The lack of technology means despite the great skills of Vietnamese goldsmiths, domestically made products find it very difficult to compete with foreign products, especially on design and price.

Thus, local producers have only a 20 per cent share in the almost US$3 billion jewellery market while the rest is imported mainly from Mainland China, Taiwan, and Hongkong. Chinese jewelry alone accounts for 20 per cent of the northern market.

Analysts say to help local producers withstand the onslaught of imports, they should be allowed to directly import gold and continue enjoying zero export duty.

Jewelry manufacturers need to step up investment in production technology and equipment and training to improve their competitive edge, they add.

CPI falls to 11-year low

The General Statistics Office (GSO) reports that the consumer price index was down by 0.27 per cent month-on-month in November and just 2.6 per cent up year- on-year, the lowest inflation in the last 11 years.

While some economists worry about the effects of such a low rise in prices, others consider it a good sign since the State Bank of Viet Nam will be able to lower the interest rate cap on deposits and then lending interest rates.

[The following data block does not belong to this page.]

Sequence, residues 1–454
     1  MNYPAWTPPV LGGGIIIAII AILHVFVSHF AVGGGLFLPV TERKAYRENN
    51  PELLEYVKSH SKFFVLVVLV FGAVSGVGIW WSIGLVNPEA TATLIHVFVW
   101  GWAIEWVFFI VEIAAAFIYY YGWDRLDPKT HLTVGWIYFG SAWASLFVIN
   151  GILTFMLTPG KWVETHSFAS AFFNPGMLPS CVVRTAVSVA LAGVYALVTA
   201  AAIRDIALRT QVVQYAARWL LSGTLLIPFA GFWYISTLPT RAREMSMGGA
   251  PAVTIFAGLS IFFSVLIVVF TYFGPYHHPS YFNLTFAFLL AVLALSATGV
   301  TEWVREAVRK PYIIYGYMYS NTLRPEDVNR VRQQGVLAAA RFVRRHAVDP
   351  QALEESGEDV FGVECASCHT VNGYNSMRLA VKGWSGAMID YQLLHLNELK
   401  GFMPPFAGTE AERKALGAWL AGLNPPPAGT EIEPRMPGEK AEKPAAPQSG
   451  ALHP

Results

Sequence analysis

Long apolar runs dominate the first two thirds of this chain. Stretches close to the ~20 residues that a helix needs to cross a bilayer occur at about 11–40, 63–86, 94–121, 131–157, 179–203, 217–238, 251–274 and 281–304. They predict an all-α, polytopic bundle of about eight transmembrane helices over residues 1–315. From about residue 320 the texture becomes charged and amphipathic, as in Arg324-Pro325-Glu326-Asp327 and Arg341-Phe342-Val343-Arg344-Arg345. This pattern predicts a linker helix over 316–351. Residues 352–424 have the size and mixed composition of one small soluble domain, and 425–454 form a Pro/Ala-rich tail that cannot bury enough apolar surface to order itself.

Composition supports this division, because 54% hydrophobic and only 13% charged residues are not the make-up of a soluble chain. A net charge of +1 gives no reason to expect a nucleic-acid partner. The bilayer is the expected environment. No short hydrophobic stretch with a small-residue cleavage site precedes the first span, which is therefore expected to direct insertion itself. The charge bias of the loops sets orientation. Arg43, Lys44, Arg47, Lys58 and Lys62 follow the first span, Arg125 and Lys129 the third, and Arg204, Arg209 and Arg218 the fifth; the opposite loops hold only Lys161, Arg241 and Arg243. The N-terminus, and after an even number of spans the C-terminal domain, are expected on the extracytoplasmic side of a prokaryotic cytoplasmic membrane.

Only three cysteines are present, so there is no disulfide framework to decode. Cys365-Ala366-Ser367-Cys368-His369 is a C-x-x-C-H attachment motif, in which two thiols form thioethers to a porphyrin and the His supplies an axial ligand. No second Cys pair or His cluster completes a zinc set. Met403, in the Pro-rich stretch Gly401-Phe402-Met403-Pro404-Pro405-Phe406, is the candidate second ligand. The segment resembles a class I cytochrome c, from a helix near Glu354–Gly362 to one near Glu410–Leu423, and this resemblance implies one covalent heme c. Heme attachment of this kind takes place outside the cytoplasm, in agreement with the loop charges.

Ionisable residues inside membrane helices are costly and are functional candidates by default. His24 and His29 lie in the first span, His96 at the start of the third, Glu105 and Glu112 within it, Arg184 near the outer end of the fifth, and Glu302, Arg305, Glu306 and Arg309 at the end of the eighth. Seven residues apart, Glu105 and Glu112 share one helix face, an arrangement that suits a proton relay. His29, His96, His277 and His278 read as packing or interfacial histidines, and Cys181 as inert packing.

Analysts fear deflation – and with it a slowdown in economic activity – is a real possibility.

Since the beginning of this year the central bank has twice lowered the deposit interest rate cap following a consistent easing of inflation.

The SBV governor told the National Assembly in June that the central bank would regulate the rate based on inflationary trends.

Based on November prices, the gap between the inflation and deposit ceiling rates is around 3.14 per cent, meaning the central bank has a good opportunity to continue lowering the ceiling. This will naturally bring about a reduction in lending rates too.

But oddly this does not come as good news for businesses, many of which have yet to recover enough to absorb a funds infusion.

Many banks are ready to offer loans at just 6-7 per cent to companies that are doing well. But the latter just do not want to borrow because they have no plans to expand production at a time when demand remains weak.

The flip side is that some other companies are in dire need of funds and want to borrow, but banks are afraid to lend to them.

Analysts say it is not difficult to understand lenders' reluctance since bad debts are continuing to increase. The two sides need to co-ordinate better to improve the bad-debts issue and free up credit, they say. — VNS